Not really a bug, the setting just hinders one of the attack vectors used, significantly slowing propagation, which given the exponential nature of propagation might increase the odds of detection and damage limitation before too many systems are taken down.
I have a suggestion that might help to reduce vulnerability to notPetya and similar malware, and it is to PATCH THE ETERNALBLUE VULNERABILITY ALREADY. The patch involved was released for every windows version in March of 2017, and the first time it became really obvious that that patch was important was in May. It's now been eighteen months. What excuse is there for leaving eternalBlue open for this long? Now every basic malware release uses it, because it's evidently still working. Fix it.
>What excuse is there for leaving eternalBlue open for this long?
Perhaps you are coming at this from the wrong direction. The NCC Group reports, unfortunately, don't comment on whether the client's network did or did not have fully up-to-date patched systems or not. I suspect from their articles the network did contain systems that were fully patched and running the latest AV software designed to detect NotPetya...
Disclaimer: Lax patching regime is not an excuse.
Have you ever worked in an old company or org? I mean a really old company that's been using Windows tech for more than 20 years? There's a ton of legacy stuff and the second you so much as decide to flip a single option on of off, let alone release a patch there's months and months of testing to be done. Some companies out there are only just getting off Win2008 DCs, some are still on them! They can't upgrade as their entire estate will stop working and that costs money. The sad fact is that they don't realise it will cost a heck of lot more if something nasty gets lose in the network!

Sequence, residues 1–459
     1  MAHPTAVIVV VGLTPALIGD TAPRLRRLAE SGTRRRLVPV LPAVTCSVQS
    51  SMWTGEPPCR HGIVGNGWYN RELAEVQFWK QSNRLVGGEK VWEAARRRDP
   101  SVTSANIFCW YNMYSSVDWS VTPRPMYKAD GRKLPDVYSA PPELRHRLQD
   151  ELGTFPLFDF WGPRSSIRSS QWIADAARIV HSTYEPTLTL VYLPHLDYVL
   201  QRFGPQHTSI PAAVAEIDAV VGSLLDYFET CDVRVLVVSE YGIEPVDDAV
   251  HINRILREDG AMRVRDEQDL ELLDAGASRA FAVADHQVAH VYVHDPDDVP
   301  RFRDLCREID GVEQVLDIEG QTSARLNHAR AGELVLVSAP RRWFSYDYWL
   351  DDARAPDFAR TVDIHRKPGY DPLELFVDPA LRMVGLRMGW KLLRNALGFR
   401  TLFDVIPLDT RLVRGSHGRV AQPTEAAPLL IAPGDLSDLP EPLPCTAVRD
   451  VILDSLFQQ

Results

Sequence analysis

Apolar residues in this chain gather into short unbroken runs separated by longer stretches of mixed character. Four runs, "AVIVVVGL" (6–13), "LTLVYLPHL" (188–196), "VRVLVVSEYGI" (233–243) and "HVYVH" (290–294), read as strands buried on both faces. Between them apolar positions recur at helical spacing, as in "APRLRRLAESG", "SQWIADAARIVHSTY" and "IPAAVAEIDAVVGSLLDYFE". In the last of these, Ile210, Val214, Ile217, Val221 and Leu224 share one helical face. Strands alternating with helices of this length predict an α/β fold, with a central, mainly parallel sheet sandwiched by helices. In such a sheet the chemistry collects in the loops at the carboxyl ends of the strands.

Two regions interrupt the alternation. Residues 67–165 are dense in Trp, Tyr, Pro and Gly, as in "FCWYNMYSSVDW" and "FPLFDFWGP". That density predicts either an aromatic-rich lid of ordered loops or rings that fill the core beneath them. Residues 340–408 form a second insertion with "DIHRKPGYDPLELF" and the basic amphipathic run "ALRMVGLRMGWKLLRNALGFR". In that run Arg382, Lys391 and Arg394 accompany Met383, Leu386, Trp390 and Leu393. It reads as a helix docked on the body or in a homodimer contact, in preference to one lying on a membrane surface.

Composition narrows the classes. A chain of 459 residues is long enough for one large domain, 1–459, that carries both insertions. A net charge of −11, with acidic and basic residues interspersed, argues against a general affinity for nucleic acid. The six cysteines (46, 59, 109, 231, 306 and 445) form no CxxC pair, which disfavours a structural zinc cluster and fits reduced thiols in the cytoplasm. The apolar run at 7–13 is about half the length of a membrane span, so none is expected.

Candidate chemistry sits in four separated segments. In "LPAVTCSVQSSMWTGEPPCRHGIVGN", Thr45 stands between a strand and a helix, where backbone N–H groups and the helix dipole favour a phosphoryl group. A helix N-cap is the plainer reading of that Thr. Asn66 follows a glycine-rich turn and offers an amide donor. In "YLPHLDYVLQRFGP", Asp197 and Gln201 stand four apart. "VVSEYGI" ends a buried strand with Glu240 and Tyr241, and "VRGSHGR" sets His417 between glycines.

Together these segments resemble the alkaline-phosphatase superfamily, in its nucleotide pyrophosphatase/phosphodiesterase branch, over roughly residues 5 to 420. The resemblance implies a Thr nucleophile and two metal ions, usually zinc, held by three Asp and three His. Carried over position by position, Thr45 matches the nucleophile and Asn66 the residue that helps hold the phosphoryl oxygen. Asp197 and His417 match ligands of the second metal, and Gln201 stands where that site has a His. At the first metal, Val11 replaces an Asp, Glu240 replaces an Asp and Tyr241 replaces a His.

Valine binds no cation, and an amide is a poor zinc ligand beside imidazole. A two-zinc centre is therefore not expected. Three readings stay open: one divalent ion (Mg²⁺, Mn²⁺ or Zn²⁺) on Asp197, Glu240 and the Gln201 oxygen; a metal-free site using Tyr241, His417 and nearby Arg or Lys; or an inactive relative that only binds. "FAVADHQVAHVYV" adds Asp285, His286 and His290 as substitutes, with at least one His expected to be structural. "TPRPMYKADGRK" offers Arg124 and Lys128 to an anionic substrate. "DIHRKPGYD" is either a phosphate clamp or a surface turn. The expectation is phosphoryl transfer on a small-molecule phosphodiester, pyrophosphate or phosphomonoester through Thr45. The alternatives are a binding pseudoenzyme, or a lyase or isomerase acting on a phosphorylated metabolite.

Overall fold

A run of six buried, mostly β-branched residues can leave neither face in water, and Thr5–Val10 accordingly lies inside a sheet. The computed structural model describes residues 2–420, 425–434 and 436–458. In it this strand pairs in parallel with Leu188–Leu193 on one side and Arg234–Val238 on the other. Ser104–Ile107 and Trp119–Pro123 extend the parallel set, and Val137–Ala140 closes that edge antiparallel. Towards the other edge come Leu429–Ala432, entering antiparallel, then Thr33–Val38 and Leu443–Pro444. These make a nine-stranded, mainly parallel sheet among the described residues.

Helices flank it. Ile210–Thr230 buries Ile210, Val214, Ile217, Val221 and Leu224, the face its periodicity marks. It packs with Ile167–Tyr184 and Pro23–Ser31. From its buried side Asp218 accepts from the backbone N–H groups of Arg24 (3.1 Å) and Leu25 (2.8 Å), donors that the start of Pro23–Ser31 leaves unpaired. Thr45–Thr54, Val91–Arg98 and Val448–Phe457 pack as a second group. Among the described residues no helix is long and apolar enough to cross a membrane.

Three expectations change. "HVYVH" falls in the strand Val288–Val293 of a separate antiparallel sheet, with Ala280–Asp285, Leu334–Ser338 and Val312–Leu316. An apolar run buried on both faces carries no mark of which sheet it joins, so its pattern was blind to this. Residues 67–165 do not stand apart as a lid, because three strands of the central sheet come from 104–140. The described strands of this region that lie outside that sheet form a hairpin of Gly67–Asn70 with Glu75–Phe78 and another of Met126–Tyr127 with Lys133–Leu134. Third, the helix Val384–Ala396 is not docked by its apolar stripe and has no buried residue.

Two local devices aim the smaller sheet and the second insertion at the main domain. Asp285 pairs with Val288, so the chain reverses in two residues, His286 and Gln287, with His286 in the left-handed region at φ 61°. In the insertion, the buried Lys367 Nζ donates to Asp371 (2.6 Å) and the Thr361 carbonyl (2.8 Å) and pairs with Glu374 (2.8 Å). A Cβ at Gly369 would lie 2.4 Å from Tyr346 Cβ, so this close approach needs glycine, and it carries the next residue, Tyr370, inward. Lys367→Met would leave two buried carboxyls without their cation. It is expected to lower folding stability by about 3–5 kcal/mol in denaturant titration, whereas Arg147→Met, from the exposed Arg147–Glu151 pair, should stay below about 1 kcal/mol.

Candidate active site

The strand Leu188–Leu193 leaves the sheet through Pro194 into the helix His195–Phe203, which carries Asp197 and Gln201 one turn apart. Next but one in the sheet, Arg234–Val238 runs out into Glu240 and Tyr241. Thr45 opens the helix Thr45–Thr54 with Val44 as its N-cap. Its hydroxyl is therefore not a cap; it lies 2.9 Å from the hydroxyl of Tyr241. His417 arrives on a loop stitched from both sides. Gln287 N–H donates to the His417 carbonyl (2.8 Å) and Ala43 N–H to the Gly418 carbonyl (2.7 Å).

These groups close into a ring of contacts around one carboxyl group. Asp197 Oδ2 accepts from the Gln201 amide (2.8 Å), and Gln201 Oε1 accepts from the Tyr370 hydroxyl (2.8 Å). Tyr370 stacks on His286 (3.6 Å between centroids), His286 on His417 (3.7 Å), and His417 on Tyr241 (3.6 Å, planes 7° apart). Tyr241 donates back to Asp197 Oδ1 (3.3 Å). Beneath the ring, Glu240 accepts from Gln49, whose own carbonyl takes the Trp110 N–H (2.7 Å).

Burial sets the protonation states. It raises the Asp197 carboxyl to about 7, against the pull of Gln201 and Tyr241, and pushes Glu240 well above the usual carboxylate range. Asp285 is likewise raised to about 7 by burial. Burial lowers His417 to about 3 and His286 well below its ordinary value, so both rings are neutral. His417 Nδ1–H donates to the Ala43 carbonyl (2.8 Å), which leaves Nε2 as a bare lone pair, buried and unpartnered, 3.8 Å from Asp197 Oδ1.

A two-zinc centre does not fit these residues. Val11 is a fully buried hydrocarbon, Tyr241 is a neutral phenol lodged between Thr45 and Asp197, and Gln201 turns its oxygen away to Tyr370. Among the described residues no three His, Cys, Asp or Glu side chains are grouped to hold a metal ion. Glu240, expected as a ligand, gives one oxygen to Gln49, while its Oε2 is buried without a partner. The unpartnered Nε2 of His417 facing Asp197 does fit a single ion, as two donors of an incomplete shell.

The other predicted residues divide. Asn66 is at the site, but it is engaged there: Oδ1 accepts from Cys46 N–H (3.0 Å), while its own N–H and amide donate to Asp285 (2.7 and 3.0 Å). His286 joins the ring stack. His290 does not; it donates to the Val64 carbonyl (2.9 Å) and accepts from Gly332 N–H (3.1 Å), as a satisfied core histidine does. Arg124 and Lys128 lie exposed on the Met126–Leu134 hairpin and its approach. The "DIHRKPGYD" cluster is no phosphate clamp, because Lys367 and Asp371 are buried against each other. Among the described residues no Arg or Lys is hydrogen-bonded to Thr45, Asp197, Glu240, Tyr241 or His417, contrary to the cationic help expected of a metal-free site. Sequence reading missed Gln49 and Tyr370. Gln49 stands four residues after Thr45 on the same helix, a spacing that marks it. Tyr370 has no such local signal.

Someone said to me the other day. Up until this point ( the last 12-18 months ) that most companies can live in their own secure bubble, they put up firewalls, packet inspectors and intrusion devices, basically putting up wooden boards on the windows of your house. Yet now with everyone pulling in connections to cloud services and outsourcing to external data centres those firewalls and devices are not going to secure enough. People must change their mindset, be more secuirty conscious, write better apps, consider security from the get-go, not as an afterthought as we have been able to.
Sadly we're human and out companies and our bosses don't see it like that. Spending more time than necessary on fivilious things like security costs money so they dismiss it. Sadly a false economy and sites like the Reg will fill with even more stories like Equifax as times goes on because security is not a dirty word, it's just boring to most.
A company where IT has quite a bit more input to business processes than we do here.
Honestly, this is a very proactive approach. It also puts everyone involved with IT security on the hot plate. While it would be uncomfortable to find out (maybe) you aren't as good as you thought you were, better to find out in controlled circumstances than with the Next Big Thing.
>Just what kind of company would intentionally infect itself with malware.
Looks like NCC EternalGlue will become a standard PEN testing tool - so in answer to your question, that will be any company that takes a proactive approach to security, which would most probably encompass all of NCC Groups cyber security clients.